What is more, it was almost impossible for the AFL to organise on craft lines on the New Orleans waterfront. Only the cotton screwmen could be said to be skilled. The rest of the waterfront workers organised themselves according to specific tasks (longshore, draymen, packers), but in fact banded together on a semi-industrial basis. And although major corporations had come to dominate the railroads and steamship lines, most cotton firms were small and locally owned. The waterfront workers confronted relatively weak local employers who were often highly divided among themselves.  Thus by 1902, two years after the horrific race riots, the cotton unions, led by the screwmen’s strike, pieced back together the ‘half and half’ rule governing black and white labour. This practice tended to favour whites, as they were a minority of the total workers. Yet given the overall racial climate it was an astonishing show of unity. And it set the stage for a major strike in 1907 in which black and white workers together shut down the entire port for three weeks. Employers were forced to capitulate to the workers’ demands on work rules and wages and to sign an unprecedented five year contract.  The labour shortages of the First World War gave the New Orleans waterfront unions even more leverage. Dock workers around the country struck for higher wages and created a stable national longshore union on the Gulf and Atlantic coasts. 
Like the 1892 strike, the 1907 battle was part of a broader labour upsurge and had an important political dimension. In the run up to the dock strike, the inter-racial Brewery Workers’ Union was expelled by the AFL for refusing to organise on a craft basis. When the AFL affiliated Teamsters tried to organise the breweries on a craft and all white basis, the brewery workers struck. The black longshore unions and other black waterfront unions supported the brewery workers, as did white delegates to the integrated Cotton Men’s Executive Council. The split in the local AFL provided a political opening for socialists and ‘Wobblies’, members of the Industrial Workers of the World (IWW), the revolutionary syndicalists who organised on an anti-racist basis. Arnesen summarises:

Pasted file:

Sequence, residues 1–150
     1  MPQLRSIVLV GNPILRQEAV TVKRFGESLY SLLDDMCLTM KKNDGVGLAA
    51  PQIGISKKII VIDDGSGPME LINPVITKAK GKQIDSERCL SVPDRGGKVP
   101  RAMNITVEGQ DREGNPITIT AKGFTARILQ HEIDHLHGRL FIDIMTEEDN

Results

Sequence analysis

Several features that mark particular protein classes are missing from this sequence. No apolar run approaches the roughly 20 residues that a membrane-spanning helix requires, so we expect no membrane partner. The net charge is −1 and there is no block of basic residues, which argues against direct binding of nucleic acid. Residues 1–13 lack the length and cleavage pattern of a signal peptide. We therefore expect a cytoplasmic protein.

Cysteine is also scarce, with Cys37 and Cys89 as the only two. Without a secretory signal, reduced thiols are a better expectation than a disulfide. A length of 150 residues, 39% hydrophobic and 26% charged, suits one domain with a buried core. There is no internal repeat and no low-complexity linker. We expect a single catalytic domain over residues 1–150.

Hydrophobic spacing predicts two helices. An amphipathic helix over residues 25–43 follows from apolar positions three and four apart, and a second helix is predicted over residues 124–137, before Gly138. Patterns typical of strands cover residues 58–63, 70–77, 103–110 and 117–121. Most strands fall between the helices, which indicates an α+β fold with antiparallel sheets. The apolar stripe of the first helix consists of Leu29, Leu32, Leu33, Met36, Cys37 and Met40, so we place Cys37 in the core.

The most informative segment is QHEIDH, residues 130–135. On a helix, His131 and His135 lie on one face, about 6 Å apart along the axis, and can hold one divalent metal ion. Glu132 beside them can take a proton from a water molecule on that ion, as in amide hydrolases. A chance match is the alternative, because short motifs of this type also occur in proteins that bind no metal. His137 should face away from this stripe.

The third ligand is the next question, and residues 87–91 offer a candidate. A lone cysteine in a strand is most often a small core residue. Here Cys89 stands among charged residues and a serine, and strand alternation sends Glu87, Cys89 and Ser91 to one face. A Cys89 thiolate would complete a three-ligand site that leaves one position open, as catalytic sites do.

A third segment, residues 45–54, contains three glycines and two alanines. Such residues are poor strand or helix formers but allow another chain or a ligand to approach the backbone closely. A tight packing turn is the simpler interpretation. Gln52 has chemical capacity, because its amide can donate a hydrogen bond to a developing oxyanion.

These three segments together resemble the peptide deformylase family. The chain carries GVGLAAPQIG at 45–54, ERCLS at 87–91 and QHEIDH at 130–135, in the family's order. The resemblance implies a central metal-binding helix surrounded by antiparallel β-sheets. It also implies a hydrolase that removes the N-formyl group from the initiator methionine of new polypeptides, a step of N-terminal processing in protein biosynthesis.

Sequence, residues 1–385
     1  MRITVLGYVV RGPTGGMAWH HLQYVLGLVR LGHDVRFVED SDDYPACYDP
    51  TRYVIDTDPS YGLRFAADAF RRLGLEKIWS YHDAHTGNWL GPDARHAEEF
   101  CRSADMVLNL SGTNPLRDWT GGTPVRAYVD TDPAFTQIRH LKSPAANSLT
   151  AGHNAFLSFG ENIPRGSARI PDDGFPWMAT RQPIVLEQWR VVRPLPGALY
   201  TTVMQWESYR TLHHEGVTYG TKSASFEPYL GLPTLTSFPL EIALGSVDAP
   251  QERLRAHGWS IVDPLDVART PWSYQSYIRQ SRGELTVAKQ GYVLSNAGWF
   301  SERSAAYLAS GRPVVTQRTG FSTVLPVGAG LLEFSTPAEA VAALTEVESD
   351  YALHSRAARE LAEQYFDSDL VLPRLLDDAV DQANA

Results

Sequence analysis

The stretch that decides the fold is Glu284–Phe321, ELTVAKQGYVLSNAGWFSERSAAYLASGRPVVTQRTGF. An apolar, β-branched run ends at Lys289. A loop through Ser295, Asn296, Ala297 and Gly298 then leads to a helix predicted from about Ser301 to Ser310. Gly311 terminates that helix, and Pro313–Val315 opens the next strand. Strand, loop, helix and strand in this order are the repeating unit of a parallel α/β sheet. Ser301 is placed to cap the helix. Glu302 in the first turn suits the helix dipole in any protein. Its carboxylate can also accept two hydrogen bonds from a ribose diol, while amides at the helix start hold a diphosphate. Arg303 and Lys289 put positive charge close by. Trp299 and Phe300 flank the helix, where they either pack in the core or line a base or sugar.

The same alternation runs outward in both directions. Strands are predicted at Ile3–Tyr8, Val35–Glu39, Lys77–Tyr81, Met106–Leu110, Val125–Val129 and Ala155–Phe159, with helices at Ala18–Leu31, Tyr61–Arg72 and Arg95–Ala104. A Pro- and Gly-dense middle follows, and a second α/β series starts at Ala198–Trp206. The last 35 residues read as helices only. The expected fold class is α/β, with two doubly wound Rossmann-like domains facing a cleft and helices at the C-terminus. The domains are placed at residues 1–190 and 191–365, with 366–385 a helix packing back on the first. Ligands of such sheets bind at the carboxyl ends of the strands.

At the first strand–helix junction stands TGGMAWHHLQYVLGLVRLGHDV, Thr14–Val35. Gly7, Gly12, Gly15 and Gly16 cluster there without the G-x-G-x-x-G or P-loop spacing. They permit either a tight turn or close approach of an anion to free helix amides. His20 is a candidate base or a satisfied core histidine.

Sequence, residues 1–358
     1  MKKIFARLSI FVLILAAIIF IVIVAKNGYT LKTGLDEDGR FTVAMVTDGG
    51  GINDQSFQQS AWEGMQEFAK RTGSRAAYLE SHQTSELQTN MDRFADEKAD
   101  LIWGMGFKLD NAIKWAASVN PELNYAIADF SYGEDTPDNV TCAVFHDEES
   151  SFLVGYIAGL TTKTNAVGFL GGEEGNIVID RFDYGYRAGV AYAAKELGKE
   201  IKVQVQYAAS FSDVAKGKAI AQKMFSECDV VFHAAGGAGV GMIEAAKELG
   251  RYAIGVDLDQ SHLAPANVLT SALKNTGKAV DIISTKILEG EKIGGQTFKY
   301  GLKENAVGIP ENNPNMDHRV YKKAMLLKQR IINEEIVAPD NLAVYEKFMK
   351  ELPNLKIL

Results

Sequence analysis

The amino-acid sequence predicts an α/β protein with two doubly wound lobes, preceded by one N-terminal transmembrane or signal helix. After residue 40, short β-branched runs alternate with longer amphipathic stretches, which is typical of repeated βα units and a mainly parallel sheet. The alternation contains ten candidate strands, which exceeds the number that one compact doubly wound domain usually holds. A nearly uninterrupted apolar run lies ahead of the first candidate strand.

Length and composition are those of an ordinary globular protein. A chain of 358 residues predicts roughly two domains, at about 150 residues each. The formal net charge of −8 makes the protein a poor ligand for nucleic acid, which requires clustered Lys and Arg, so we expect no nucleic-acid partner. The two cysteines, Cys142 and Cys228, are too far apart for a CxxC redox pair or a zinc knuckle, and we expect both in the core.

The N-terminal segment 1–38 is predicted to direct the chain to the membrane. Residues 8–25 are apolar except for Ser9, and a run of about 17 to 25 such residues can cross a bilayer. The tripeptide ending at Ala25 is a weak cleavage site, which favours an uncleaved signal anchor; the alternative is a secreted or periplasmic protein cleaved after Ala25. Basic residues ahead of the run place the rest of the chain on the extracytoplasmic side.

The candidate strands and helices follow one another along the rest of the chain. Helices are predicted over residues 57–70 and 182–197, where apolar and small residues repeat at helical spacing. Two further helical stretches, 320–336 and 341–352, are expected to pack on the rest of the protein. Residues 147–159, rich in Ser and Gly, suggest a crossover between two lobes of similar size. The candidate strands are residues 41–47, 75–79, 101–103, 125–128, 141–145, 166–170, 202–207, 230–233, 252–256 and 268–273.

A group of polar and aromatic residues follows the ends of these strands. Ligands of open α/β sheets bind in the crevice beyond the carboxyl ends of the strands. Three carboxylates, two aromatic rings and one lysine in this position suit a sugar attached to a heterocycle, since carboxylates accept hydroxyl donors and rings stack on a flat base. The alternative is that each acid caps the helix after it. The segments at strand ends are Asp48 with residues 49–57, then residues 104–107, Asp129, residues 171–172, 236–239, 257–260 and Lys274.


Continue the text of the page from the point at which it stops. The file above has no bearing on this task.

If radicals, socialists, and Wobblies neither instigated the 1907 upheaval nor radicalised the city’s labour movement, their efforts were not without impact. Delivering countless speeches and publishing commentaries on the summer’s development, they provided leadership, organisational and material support, and a political language for interpreting the crisis. Tapping into an important undercurrent of discontent within the New Orleans labour movement, they helped to mobilise labour dissidents into a temporary alliance opposed to the AFL’s policies.